ARMONK, N.Y., Nov. 20, 2014 /PRNewswire/ --  IBM (NYSE: IBM) today announced that it is bringing a greater level of control, security and flexibility to cloud-based application development and delivery with a single-tenant version of Bluemix, IBM's platform-as-a-service. The new platform enables developers to build ap...

Building low-cost wearable devices can enhance the quality of our lives. In his session at Internet of @ThingsExpo, Sai Yamanoor, Embedded Software Engineer at Altschool, provided an example of putting together a small keychain within a $50 budget that educates the user about the air quality in their surroundings. He also provided examples such as building a wearable device that provides transit or recreational information. He then reviewed the resources available to build wearable devices at home including open source hardware, the raw materials required and the options available to power s...
The Internet of Things promises to transform businesses (and lives), but navigating the business and technical path to success can be difficult to understand. In his session at @ThingsExpo, Sean Lorenz, Technical Product Manager for Xively at LogMeIn, demonstrated how to approach creating broadly successful connected customer solutions using real world business transformation studies including New England BioLabs and more.
Since 2008 and for the first time in history, more than half of humans live in urban areas, urging cities to become “smart.” Today, cities can leverage the wide availability of smartphones combined with new technologies such as Beacons or NFC to connect their urban furniture and environment to create citizen-first services that improve transportation, way-finding and information delivery. In her session at @ThingsExpo, Laetitia Gazel-Anthoine, CEO of Connecthings, will focus on successful use cases.
The Internet of Things is a misnomer. That implies that everything is on the Internet, and that simply should not be - especially for things that are blurring the line between medical devices that stimulate like a pacemaker and quantified self-sensors like a pedometer or pulse tracker. The mesh of things that we manage must be segmented into zones of trust for sensing data, transmitting data, receiving command and control administrative changes, and peer-to-peer mesh messaging. In his session at @ThingsExpo, Ryan Bagnulo, Solution Architect / Software Engineer at SOA Software, focused on desi...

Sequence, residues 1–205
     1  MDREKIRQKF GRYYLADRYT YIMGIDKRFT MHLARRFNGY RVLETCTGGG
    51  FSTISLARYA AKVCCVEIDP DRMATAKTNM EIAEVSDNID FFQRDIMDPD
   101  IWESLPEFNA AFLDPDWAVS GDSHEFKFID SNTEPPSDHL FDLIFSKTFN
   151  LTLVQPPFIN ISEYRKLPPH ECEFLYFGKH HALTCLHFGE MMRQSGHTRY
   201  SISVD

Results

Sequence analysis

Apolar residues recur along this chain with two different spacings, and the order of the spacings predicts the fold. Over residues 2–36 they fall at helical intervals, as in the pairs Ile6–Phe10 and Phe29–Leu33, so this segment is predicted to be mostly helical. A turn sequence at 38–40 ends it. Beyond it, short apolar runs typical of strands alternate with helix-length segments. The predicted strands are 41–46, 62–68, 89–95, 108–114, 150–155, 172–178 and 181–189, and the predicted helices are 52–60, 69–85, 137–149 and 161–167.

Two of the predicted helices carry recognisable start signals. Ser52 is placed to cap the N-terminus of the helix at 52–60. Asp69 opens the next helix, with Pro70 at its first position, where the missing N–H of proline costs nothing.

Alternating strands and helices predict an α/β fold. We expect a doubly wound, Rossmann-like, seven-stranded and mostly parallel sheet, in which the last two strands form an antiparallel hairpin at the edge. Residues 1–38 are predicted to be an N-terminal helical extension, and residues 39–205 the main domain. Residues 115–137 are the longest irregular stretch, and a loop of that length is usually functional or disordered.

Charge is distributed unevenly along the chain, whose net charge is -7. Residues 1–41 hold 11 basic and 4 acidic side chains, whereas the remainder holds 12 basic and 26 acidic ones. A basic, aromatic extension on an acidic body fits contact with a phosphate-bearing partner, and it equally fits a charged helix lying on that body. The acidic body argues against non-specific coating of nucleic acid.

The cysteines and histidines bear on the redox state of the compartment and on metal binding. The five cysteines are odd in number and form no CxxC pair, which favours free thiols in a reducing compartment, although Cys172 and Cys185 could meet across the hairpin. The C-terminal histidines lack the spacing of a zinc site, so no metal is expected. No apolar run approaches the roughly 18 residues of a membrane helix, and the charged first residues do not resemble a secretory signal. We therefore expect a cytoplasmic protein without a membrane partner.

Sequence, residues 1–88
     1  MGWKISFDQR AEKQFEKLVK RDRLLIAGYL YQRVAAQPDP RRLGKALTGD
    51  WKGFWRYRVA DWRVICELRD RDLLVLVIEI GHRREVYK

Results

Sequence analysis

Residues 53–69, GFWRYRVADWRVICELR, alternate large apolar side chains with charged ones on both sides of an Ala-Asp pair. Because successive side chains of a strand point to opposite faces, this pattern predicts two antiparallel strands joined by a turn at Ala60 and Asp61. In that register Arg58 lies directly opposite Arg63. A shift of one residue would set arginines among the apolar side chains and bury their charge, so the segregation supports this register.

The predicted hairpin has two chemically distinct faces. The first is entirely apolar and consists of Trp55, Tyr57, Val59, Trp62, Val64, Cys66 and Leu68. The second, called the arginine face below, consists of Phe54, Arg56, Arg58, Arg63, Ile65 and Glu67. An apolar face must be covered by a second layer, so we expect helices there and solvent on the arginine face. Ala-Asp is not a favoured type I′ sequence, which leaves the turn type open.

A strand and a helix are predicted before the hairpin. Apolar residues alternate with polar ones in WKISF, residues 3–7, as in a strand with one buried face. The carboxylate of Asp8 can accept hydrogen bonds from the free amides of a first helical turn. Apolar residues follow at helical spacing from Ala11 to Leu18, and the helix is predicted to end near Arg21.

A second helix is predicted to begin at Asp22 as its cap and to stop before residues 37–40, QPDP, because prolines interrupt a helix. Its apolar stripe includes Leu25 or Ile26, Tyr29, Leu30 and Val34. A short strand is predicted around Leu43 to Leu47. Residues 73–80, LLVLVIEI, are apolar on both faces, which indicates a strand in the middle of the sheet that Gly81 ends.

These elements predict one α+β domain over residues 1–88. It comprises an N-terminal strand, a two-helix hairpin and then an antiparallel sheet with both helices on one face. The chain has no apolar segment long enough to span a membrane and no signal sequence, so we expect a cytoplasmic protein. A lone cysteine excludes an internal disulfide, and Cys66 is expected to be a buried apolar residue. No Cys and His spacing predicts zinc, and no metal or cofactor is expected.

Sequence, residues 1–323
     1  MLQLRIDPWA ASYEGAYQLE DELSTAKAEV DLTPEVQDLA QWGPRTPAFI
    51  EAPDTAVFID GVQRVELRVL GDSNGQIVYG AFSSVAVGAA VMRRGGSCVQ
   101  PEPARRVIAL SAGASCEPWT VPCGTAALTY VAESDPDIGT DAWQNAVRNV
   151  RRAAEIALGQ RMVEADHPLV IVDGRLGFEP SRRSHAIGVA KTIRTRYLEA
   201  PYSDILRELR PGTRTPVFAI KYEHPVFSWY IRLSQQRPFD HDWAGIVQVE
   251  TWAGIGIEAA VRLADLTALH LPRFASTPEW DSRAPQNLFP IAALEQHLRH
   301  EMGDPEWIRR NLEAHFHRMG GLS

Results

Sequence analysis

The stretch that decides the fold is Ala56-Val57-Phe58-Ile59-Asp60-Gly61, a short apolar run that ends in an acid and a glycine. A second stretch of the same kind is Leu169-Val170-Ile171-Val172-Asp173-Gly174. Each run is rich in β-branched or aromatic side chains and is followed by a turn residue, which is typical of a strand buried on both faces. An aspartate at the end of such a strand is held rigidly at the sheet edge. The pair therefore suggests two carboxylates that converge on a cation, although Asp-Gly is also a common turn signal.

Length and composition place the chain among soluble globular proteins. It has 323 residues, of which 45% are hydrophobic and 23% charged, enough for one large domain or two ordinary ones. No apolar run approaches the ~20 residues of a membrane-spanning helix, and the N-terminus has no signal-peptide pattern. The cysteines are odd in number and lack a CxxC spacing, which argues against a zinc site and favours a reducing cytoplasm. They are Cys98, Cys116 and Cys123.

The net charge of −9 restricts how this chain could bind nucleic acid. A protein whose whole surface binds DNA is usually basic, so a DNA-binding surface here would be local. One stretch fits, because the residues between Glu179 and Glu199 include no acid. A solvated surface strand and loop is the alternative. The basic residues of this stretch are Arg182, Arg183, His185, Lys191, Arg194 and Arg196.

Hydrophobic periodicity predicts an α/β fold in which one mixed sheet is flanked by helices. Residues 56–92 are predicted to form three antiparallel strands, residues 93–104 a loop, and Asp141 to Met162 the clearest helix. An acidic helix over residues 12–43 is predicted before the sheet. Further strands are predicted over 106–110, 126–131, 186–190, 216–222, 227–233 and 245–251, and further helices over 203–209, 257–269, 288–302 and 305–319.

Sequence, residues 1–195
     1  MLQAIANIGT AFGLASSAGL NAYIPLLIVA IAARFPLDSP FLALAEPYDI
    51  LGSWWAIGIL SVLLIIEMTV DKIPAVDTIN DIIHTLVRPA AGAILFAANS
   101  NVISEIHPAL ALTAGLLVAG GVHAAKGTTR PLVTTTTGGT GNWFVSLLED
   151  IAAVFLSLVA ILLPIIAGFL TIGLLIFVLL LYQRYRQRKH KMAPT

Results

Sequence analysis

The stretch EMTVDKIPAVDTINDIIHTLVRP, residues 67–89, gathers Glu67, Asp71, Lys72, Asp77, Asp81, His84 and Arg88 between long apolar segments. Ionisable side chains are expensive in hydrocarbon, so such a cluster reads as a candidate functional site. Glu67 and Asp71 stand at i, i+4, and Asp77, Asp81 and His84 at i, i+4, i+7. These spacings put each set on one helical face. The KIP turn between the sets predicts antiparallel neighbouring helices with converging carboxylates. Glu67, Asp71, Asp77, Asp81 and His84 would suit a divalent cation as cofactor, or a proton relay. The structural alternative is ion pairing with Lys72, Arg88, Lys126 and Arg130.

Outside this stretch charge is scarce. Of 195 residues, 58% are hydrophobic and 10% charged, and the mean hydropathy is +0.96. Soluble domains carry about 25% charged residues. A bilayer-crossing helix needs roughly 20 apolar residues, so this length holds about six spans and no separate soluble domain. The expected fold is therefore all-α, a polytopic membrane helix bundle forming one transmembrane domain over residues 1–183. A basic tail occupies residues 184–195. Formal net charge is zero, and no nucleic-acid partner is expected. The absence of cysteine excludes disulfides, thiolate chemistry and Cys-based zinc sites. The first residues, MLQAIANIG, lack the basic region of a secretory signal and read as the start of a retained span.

Enthusiasm for the Internet of Things has reached an all-time high. In 2013 alone, venture capitalists spent more than $1 billion dollars investing in the IoT space. With "smart" appliances and devices, IoT covers wearable smart devices, cloud services to hardware companies. Nest, a Google company, detects temperatures inside homes and automatically adjusts it by tracking its user's habit. These technologies are quickly developing and with it come challenges such as bridging infrastructure gaps, abiding by privacy concerns and making the concept a reality. These challenges can't be addressed w...
The Domain Name Service (DNS) is one of the most important components in networking infrastructure, enabling users and services to access applications by translating URLs (names) into IP addresses (numbers). Because every icon and URL and all embedded content on a website requires a DNS lookup loading complex sites necessitates hundreds of DNS queries. In addition, as more internet-enabled ‘Things' get connected, people will rely on DNS to name and find their fridges, toasters and toilets. According to a recent IDG Research Services Survey this rate of traffic will only grow. What's driving t...
"For over 25 years we have been working with a lot of enterprise customers and we have seen how companies create applications. And now that we have moved to cloud computing, mobile, social and the Internet of Things, we see that the market needs a new way of creating applications," stated Jesse Shiah, CEO, President and Co-Founder of AgilePoint Inc., in this SYS-CON.tv interview at 15th Cloud Expo, held Nov 4–6, 2014, at the Santa Clara Convention Center in Santa Clara, CA.
The Internet of Things is tied together with a thin strand that is known as time. Coincidentally, at the core of nearly all data analytics is a timestamp. When working with time series data there are a few core principles that everyone should consider, especially across datasets where time is the common boundary. In his session at Internet of @ThingsExpo, Jim Scott, Director of Enterprise Strategy & Architecture at MapR Technologies, discussed single-value, geo-spatial, and log time series data. By focusing on enterprise applications and the data center, he will use OpenTSDB as an example t...
The industrial software market has treated data with the mentality of “collect everything now, worry about how to use it later.” We now find ourselves buried in data, with the pervasive connectivity of the (Industrial) Internet of Things only piling on more numbers. There’s too much data and not enough information. In his session at @ThingsExpo, Bob Gates, Global Marketing Director, GE’s Intelligent Platforms business, to discuss how realizing the power of IoT, software developers are now focused on understanding how industrial data can create intelligence for industrial operations. Imagine ...